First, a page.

Michael Parciak Speaks About Janusz Korczak And Children’s Rights, Part 1.

In 1997, we at MEI had planned a Janusz Korczak Symposium, which did not take place due to problems with my health.  The previous year, we had acquainted educators with the work of Vasilii Sukhomlinsky in an effort to bring teachers and theorists from Russia, Ukraine and the U.S. closer together.  We chose Sukhomlinsky, and later, Korczak, because their pioneering work coincided with our motto:  Nothing is more important than the education of a child–heart, mind, and spirit.  Although plans for the Korczak Symposium had to be canceled, I was fortunate enough to contact many proponents of Korczak’s seminal work for children.  One of the people I contacted was Michael Parciak from Germany, the Chief Architect of Korczak City on the Internet.  What happened to this project, I was unable to discover.  Also, I could not find Michael Parciak.  However, I did locate an article he had written for MEI in May-June 1997 and I felt I should share some of it with you, because it contains interesting information concerning Janusz Korczak.

…The children’s court and the children’s newspaper… were important parts of Korczak’s philosophy of education in integrating  the children into all the important decisions, and demonstrating the relation between the granted rights and the required responsibilities.  The newspaper was used also for spelling practice and an exercise in developing one’s own opinions.  The children’s court was a steady exercise toward developing one’s own feelings for justice and social responsibility.  The judges were equipped with easy texts on common law to enable them to reach a just decision.  It was similar to the Napoleonic Code, which is still the basis of Polish laws, but it had one addition:  the right to forgive and to prefer forgiving more than punishment.

From the preamble of the text:

In case somebody has done wrong, it is better to forgive than to punish.  In case the incident happened as a result of inexperience, the subject will now know better.  In case the incident happened with knowledge, the subject will be more careful in the future… but the court must protect the shy from the aggressive, and the careful from the apathetic and lazy.

The court is not justice itself, but its goal is to achieve justice.  It is not truth, but its goal is the truth.  Judges might make mistakes.  Sometimes they might punish an action that they have committed themselves.  But it is a disgrace if a judge forces an unjust decision.

The court had to be dissolved for four weeks, because several aggressive kids did sabotage it.  When the court was reactivated there were new requirements.  The Premium Court would consist of two children and one adult for a three month term.  And children now had the right to accuse adults.(More in another post.)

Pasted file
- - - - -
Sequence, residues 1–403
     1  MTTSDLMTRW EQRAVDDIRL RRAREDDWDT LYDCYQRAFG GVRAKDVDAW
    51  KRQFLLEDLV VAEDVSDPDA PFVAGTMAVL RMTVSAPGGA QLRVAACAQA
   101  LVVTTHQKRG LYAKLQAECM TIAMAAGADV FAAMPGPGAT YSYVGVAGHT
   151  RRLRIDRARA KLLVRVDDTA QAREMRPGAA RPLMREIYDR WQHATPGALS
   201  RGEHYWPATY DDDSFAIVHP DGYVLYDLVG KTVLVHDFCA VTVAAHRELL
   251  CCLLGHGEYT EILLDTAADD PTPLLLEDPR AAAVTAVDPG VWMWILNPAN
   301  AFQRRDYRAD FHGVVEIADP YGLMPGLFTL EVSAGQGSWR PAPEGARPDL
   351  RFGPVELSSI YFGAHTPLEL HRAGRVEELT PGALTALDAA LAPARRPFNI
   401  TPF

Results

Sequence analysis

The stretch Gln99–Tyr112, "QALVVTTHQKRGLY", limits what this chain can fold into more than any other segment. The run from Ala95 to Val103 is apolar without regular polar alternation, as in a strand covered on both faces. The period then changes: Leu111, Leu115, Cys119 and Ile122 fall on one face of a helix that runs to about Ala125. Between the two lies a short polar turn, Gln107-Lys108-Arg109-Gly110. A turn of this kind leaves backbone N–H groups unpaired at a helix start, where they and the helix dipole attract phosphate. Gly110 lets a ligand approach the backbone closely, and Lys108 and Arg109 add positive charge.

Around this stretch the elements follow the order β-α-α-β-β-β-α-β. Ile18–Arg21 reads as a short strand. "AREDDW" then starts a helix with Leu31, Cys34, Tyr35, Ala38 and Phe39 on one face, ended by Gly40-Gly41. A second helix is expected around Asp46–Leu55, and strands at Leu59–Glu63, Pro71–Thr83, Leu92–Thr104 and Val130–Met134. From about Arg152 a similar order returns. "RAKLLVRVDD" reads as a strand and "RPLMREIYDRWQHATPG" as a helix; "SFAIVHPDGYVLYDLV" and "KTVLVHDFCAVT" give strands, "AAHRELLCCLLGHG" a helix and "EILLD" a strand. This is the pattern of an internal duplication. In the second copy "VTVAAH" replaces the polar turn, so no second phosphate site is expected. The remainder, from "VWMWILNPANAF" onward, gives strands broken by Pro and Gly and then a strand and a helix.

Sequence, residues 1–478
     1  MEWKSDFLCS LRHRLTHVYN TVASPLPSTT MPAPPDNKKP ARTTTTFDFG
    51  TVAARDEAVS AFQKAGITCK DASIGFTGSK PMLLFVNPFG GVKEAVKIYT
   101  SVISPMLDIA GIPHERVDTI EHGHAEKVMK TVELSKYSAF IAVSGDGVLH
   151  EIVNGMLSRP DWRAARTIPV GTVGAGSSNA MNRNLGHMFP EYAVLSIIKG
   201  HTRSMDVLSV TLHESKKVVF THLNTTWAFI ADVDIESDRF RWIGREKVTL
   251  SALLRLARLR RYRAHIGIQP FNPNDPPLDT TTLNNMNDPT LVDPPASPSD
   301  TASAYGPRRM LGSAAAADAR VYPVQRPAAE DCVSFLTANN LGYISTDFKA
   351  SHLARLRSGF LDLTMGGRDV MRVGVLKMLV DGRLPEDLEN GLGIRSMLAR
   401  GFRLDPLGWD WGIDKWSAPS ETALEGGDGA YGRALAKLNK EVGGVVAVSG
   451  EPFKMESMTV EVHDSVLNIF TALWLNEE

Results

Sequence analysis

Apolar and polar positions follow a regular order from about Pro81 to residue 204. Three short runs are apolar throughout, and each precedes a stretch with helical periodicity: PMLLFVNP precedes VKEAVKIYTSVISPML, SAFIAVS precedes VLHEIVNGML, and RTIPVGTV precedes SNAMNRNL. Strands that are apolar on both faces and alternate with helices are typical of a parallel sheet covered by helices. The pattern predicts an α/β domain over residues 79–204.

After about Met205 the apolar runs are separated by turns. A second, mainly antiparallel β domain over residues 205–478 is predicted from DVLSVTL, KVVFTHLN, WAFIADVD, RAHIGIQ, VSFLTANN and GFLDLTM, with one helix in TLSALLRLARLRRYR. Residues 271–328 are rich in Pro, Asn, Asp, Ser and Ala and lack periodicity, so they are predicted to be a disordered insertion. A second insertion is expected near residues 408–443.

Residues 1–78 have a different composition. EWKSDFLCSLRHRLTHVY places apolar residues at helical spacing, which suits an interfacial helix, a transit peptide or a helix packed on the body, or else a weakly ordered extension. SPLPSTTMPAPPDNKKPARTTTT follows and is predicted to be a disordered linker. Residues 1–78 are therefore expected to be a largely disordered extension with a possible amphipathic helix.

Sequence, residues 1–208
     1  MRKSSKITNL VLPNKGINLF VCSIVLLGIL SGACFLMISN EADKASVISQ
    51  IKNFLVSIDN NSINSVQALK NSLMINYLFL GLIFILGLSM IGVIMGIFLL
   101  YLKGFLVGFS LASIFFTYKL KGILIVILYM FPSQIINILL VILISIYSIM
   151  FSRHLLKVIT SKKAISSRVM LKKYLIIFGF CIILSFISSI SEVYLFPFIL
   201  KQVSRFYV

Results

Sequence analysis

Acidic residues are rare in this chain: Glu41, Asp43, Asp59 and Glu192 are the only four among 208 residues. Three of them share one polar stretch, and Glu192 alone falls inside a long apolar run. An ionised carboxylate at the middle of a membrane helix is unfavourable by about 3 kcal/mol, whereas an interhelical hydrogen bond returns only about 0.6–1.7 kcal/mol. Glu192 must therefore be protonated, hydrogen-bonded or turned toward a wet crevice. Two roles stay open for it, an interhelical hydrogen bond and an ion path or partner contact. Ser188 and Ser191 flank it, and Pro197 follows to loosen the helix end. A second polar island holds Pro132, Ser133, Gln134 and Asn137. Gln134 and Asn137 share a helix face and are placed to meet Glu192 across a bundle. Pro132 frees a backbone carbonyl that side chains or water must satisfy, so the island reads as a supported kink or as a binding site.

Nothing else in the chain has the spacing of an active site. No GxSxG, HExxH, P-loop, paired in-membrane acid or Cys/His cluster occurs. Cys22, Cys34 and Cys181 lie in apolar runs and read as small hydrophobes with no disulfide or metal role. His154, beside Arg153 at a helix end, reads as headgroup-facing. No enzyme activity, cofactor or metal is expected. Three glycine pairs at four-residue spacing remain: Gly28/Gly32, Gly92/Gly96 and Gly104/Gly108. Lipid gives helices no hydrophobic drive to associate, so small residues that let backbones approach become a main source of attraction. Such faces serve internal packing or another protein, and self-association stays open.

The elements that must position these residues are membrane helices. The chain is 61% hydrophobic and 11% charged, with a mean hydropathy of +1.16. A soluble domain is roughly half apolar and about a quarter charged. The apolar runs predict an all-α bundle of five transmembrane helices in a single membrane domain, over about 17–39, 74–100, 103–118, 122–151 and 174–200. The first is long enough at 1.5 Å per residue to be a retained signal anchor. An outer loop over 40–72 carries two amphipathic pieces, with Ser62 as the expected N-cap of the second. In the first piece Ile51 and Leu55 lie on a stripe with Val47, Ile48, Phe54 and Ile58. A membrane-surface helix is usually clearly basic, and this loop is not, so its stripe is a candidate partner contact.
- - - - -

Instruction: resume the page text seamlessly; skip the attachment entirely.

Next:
Pine Hollow: A Magic Space For Education

Bonnie Bryant, author of the Saddle Club books, has created a magic space for education:  Pine Hollow.  Surrounded by horses and vast fields, this space is truly what Ukrainian educator, Vasilii Sukhomlinsky called the school”under the blue sky.”  It is interesting to note that Russians have two words for education:  “vospitanie”(upbringing, but a better translation would be moral and social education, and “obrazovanie”(formal education.)  It is clearly the former that has the most significance at Pine Hollow.  However, a few situations concerning formal education do occur:  Lisa Atwood’s problems with geography and her mother’s threat to expel her from her riding classes at Pine Hollow Stables if her grades don’t approve, and Lisa Atwood’s advice to Rafael the gypsy to complete his school work so he can compete better in the “real world.”  But there is no joy in formal education here.  It is simply a requirement one must reconcile oneself to.  On the other hand, the unforced learning that comes from experiences at Pine Hollow is often a source of joy and wonder.  The teachers not only include the people that supervise Pine Hollow, but nature itself:  the expansive fields, the creeks, the mines, and surrounding wildlife.  The girls learn the importance of chores by mucking out stables and taking care of horses.  The girls learn to be more sensitive to other people’s feelings as well, which includes the often commanding, condescending Veronica di Angelo.  In essence, all the adolescents of Pine Hollow are taking steps towards learning”how to care, and be cared for”, a tenet from Stanford educator, Nel Noddings, so they can be wise and understanding parents in the years to come.  The girls are also learning how to express and recognize the different aspects of their personalities.  According to Rod Newton, Director of Hidden Springs Wellness Center in Ashland, Oregon, a healthy human being needs to come to grips with the different characteristics that make up his/her personality.  In the episode, Scooter encourages Veronica to do just that.  Veronica tries to behave like an adult and refers with derision to the “juvenile nature of The Saddle Club.”  She struts around with an impatient air of importance giving orders(like an adult.)  But her attitude causes her to be isolated and inwardly unhappy.  Scooter challenges Veronica to look into herself, and not suppress the carefree, playful child, which is also a part of her.  Throughout the series we witness Veronica’s struggles, climaxing in an intense inner dialogue.  Scooter’s probing question, “What is it you really want, Veronica?” reminds all of us to focus on what is truly meaningful in our lives.